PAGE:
Unoriginal script, characters doom 'Stomp'


Published: Friday, January 12, 2007 at 6:01 a.m.
Last Modified: Thursday, January 11, 2007 at 11:53 p.m.

Facts

''Stomp the Yard''

Grade: C- Starring Columbus Short, Meagan Good. Directed by Sylvain White. Rated: PG-13 for a scene of violence, some sexual material and language. 1 hour, 54 minutes.
The verdict: The stepping skills of star Short can't cover for unoriginal script and characters.

The most entertaining moments in the melodramatic ''Stomp the Yard'' come when star Columbus Short, as 19-year-old street dancer DJ, shows out with his best hip-hop-meets-stepping moves. A veteran of the long-running theatrical show ''Stomp,'' Short has also worked as a choreographer and television actor. But his by turns soulful and strutting performance isn't enough to elevate the warmed-over script and tired characters in a movie that runs way too long.
The shot-in-Atlanta production features many Atlanta University Center locations, including scenes at Morris Brown, Spelman, Morehouse and Clark Atlanta. Co-starring sultry Meagan Good, as April, DJ's forbidden love interest, and featuring music stars Ne-Yo and Chris Brown, it's clearly aimed at urban audiences.
The story revolves around ''stepping''- a sort of stylized hybrid of dancing and military drilling that's become an important part of black fraternity life, and a rite of passage for many pledges. Built on a collection of rhythms beat out with booted feet, it also incorporates rapid hand movements, boasting chants and exaggerated, often comic facial expressions.
Director Sylvain White displays his music video background in the dizzying opening sequence, where DJ, his younger brother and their posse engage in a gritty dance battle at a Los Angeles underground club. And the cast of garish ghetto gangsters, hoochies, and a midget MC seem straight out of some inner city side show.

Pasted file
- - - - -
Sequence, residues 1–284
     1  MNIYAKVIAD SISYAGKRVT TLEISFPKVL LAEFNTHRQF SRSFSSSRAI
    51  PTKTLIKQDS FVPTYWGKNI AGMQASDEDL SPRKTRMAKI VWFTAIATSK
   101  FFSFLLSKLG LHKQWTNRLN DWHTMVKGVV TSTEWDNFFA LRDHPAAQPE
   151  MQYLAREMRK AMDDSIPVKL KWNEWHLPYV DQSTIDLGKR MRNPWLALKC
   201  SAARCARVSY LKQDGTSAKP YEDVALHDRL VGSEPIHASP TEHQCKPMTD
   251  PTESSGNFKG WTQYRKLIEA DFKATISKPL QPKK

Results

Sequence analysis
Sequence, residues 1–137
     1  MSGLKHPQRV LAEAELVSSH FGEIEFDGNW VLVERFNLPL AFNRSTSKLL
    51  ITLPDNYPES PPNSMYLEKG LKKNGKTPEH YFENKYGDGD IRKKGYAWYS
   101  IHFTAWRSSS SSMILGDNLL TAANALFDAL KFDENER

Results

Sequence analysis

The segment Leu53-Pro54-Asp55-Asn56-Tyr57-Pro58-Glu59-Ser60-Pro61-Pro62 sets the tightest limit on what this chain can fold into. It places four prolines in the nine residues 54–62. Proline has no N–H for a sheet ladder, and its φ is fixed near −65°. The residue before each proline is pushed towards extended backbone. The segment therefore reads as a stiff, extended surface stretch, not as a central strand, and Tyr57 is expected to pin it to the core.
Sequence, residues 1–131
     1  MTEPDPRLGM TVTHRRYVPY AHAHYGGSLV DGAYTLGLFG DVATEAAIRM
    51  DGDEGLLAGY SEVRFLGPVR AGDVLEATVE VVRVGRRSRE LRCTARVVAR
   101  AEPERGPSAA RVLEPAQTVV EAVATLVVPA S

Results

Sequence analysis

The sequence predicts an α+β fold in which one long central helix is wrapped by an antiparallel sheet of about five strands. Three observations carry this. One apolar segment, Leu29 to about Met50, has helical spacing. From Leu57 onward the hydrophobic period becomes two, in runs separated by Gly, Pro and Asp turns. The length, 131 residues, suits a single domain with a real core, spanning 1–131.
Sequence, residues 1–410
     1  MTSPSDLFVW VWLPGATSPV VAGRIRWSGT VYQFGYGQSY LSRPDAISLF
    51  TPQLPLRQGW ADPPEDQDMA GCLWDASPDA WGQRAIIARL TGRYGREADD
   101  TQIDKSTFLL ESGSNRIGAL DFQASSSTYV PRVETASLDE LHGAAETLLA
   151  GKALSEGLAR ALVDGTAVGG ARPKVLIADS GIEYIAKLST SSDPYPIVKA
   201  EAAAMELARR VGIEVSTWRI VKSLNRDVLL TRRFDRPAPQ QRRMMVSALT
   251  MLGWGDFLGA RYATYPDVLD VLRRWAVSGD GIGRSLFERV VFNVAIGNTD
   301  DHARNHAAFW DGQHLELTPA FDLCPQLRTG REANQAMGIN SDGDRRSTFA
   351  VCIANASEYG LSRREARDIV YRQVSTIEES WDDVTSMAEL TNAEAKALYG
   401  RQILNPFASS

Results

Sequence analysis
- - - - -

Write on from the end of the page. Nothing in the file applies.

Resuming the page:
After a fatal shooting, DJ gets a bum rap, and the action shifts to Atlanta, where he gets sent to be cared for by his kindly aunt (Valarie Pettiford) and stern uncle (Harry J. Lennix). But in a familiar plot device, reminiscent of ''Rebel Without a Cause,'' moving to gentler, middle class surroundings doesn't fix any of alienated DJ's problems. In fact, attending swanky (fictional) Truth University, he quickly becomes embroiled in some nasty campus controversies.
After checking out his skills at an Atlanta club, national step champs (fictional) Mu Gamma Xi fraternity tries to recruit DJ for its team. But after resisting, he joins rival (fictional) Theta Nu Theta and brings some new flow to its old-school routines. And causing more trouble, he goes after co-ed April, girlfriend of slick Mu Gamma Xi captain Grant (Darrin Henson) and daughter of the snobbish university provost (Allan Louis).
Of course, as DJ is getting hazed and remade in the image of a better man, there's a big, bass-heavy soundtrack - with Ne-Yo (''Sign Me Up'') and Chris Brown (''Poppin'''), among others - while Dave Scott's tough and nimble choreography provides a much needed energetic counterpoint to the often dragging and convoluted narrative.
And as expected, there's a final contest that resolves a whole big mess of conflicts. But before that, ''Stomp the Yard'' flirts with several silly soap opera subplots, while twisting its way around to a cursory touch of social consciousness, with a reminder that the likes of Martin Luther King Jr. and Rosa Parks were proud fraternity and sorority members.

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